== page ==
Bienvenido a España! Welcome to a country jam packed with architecture, traditions, and food that are unparalleled. The influence of this country has touched the world, and seeing it up close was inspiring. The brush strokes of a Picasso, the seasoning of a fresh paella, the sunlight coming through a rose window in a cathedral – all your senses become fully alive.
We bounced all over the country and have pulled out a few of our recommended highlights below. ¡Buen viaje!
Montserrat Abbey – Barcelona
Only a 1hr train ride from Barcelona sits a small fortress in the mountains. This complex is actually a Benedictine Monk Monastery that was founded in the 11th century (and still has 60 monks living at the Abbey!).
To reach this mountainside retreat, there are gondolas you can can take up to the Abbey. Once you step off the platform, you’ll see a museum, a small food market, and a beautiful central courtyard. From here, there are also several hikes you can take that offer spectacular views of the sprawling Catalonia landscape (and jaw dropping views looking back down on the Abbey).
This is a perfect day trip from Barcelona. We recommend bringing your hiking shoes, enjoying a 2-3 hr hike around the old Abbey, and then grabbing a drink at the little market before heading back into the city in the evening.
Sagrada Familia – Barcelona
The crown jewel of the Catalan artist/architect Antoni Gaudí is his cathedral in the middle of the bustling city of Barcelona. This church is famous for 1) the fact that it’s been in construction for over a century (started in 1882!), and 2) it’s nature inspired architecture with obsessive attention to detail.
Standing inside the cathedral and looking up gave us the feeling of being inside a giant granite forest. Gaudí was an early tread setter of the artistic movement in Spain called Modernism – the move towards nature, freedom, and beauty. This cathedral, his personal house commissions, and the outdoor Park Güell are highlights of the city and are cultural icons worthy of a visit when in Barcelona.
Picasso’s Guernica – Madrid
Picasso was born and spent much of his life in Spain. During the Spanish Civil War, Germany bombed the Spanish town of Guernica. Picasso painted the famous painting “Guernica” to capture the horror of that moment. He uses symbolism for the viewer to build their own emotional response from this piece.
Interesting history: When Francisco Franko came into power, Picasso fled to Paris and sent this painting to the US to help raise funds for Spanish refuges. When in Paris, the Gestapo raided his house and saw a photo of this painting. They asked him “did you do that?” He responded, “No, you did.”
Picasso was born in the city of Malaga, and his work is scattered around 100+ museums around the world (Guernica is held at the Reina Sophia in Madrid). The Picasso Museum of his early work is located in Barcelona and worth a visit.
Holy Week – Southern Spain
For over 500 years the southern region of Spain has been celebrating Easter according to local customs. The Catholic church wanted to find a way to share the story of the Christian holiday in a way that illiterate people could still understand. They got creative and built massive parade floats depicting scenes from the Easter story and paraded them through town in a large street processional.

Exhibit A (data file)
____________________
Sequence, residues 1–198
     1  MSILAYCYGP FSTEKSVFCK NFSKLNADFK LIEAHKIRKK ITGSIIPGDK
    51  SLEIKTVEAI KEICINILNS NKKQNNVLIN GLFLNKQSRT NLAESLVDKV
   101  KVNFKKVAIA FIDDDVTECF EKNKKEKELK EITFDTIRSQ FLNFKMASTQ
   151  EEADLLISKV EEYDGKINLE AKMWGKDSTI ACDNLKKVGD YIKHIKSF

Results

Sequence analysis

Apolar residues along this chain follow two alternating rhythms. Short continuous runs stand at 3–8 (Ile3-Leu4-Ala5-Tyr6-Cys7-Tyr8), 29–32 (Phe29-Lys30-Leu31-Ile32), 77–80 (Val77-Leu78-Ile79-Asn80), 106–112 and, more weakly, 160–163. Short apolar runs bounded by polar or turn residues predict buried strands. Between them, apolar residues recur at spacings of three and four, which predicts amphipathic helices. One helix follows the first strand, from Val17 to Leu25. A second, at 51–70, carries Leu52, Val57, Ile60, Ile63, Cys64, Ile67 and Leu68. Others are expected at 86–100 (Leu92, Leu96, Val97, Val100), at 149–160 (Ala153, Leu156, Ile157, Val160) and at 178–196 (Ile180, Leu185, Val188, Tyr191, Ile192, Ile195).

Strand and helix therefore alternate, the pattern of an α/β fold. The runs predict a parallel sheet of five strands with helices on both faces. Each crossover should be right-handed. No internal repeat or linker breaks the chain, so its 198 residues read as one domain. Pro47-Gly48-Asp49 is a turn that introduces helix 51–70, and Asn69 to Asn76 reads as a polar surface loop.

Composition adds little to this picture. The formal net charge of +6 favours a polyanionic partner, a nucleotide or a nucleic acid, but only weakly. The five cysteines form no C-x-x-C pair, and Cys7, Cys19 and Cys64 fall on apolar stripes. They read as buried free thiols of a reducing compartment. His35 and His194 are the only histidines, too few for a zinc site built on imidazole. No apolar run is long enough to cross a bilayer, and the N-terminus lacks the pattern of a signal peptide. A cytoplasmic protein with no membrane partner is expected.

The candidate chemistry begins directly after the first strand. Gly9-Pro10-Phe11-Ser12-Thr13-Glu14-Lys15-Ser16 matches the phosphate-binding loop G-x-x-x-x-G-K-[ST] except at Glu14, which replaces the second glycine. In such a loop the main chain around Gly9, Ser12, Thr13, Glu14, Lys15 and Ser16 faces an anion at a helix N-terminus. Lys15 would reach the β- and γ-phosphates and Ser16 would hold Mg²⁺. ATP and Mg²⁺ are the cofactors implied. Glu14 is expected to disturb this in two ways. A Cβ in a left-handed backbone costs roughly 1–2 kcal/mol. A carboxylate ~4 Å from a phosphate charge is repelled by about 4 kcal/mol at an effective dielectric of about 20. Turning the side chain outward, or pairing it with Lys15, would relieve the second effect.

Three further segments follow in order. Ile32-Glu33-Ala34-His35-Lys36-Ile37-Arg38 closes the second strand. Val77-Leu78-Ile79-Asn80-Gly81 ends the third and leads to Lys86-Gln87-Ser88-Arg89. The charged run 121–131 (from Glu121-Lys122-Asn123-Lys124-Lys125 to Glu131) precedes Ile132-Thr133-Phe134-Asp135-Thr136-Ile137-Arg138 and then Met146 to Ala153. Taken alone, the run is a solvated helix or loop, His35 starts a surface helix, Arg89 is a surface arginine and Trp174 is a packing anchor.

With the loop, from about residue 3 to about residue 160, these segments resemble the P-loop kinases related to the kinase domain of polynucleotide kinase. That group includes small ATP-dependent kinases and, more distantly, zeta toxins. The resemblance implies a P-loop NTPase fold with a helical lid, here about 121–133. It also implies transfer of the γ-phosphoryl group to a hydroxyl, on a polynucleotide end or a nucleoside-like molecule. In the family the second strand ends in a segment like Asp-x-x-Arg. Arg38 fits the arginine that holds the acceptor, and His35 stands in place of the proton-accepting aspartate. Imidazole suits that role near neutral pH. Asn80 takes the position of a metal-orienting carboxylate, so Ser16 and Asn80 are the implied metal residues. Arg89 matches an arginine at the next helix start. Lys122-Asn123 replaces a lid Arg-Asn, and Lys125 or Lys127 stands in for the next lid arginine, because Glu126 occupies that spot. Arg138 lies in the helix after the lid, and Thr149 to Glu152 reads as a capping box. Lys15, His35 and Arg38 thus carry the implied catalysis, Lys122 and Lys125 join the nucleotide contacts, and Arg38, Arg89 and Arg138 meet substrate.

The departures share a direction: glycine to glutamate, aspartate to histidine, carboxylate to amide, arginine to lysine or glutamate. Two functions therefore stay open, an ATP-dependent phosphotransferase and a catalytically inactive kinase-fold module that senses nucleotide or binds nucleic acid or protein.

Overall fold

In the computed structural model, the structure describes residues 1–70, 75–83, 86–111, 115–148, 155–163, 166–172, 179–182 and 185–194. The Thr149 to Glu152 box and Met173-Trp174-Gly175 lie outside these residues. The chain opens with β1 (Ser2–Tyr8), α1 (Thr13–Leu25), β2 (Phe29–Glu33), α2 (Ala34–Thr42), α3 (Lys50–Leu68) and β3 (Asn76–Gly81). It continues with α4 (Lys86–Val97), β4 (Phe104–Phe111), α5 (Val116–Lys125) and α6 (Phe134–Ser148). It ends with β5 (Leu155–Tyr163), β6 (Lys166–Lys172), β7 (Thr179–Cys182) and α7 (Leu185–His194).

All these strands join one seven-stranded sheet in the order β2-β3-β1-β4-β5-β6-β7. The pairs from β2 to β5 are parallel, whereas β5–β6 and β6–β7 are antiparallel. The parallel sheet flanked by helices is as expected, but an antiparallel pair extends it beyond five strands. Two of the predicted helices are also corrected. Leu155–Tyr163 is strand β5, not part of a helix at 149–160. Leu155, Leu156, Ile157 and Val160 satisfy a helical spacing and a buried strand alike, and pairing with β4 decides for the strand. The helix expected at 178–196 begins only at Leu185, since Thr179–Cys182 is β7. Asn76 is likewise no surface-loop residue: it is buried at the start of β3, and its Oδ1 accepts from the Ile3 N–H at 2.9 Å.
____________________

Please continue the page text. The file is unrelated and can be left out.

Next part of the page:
The most remarkable part of this tradition, is that the floats are not transported on wheels, but carried on long poles by hundreds of church volunteers. Watching this swaying massive foot parade, in the tiny streets of Malaga and Seville, truly feels like you’re in another century.
Note: These hooded outfits may look similar to those of Klans members, but Spain actually used this style of robe centuries earlier – as an outward expression of repentance during this religious holiday. (The reaction we had here also reminded us of how The German Natzi party used the swastika icon from Indian religions who created it as a symbol of divinity and spirituality.)
Honorable food mentions
Fancifully topped bruschetta bites, named Pinchos (pronounced “peen-chos”). Comes from the Spanish word for “Spike” because these bites have a toothpick holding them together. Our favorite spot for these was Sagardi in Barcelona.
Classic varieties include chicken, rabbit, and/or many types of seafood. Our favorite serving was with a local who made us this dish in his home. We recommend pairing it with a fruity red wine.
In the Southern Spain region (Andalusia) many bars still serve traditional Free Tapas – a small portion of food that is served with an alcoholic drink. Most bars in other regions do not serve them for free, so if you’re in southern Spain be sure to enjoy! (Our favorites were croquettes)
Dark red and well marbled is the flavor packed dry leg of the Iberico pig. This is a charcuterie style meat that has been cured and on every small plate menus across Spain (we loved it with cheese and on bread). Families will buy a whole leg and shave off small pieces for weeks.
Uniquely Spain Customs
Spanish people seems to have figured out the work/life balance with the Siesta – a mid-day break for a nap or a long lunch. Spain can also be super hot in the middle of the day so it’s a great way to lay low.
We saw hundreds of young people hanging out in parks around the cities of Spain. A local guide explained to us that many young couples live in tight quarters with their families, so the parks are an extension of the Spanish home and a way to have a bit of privacy away from family.
We also loved grabbing fresh ingredients for lunch from a local market and sat outdoors to take in the park culture for ourselves.